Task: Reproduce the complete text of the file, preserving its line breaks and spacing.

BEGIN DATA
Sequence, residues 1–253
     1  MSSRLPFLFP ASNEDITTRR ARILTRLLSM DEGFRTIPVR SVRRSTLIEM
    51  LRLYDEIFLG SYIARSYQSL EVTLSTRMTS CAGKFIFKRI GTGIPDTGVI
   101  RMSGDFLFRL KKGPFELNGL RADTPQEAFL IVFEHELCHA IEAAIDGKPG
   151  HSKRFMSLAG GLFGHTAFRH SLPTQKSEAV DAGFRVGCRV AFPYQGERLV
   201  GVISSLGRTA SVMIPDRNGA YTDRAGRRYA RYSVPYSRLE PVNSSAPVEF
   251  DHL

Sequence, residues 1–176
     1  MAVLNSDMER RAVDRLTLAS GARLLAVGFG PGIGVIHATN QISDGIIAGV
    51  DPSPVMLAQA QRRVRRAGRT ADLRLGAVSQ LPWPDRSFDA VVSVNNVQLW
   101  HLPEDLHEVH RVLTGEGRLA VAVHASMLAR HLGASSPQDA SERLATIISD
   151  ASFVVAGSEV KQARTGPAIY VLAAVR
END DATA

Sequence, residues 1–253
     1  MSSRLPFLFP ASNEDITTRR ARILTRLLSM DEGFRTIPVR SVRRSTLIEM
    51  LRLYDEIFLG SYIARSYQSL EVTLSTRMTS CAGKFIFKRI GTGIPDTGVI
   101  RMSGDFLFRL KKGPFELNGL RADTPQEAFL IVFEHELCHA IEAAIDGKPG
   151  HSKRFMSLAG GLFGHTAFRH SLPTQKSEAV DAGFRVGCRV AFPYQGERLV
   201  GVISSLGRTA SVMIPDRNGA YTDRAGRRYA RYSVPYSRLE PVNSSAPVEF
   251  DHL

Sequence, residues 1–176
     1  MAVLNSDMER RAVDRLTLAS GARLLAVGFG PGIGVIHATN QISDGIIAGV
    51  DPSPVMLAQA QRRVRRAGRT ADLRLGAVSQ LPWPDRSFDA VVSVNNVQLW
   101  HLPEDLHEVH RVLTGEGRLA VAVHASMLAR HLGASSPQDA SERLATIISD
   151  ASFVVAGSEV KQARTGPAIY VLAAVR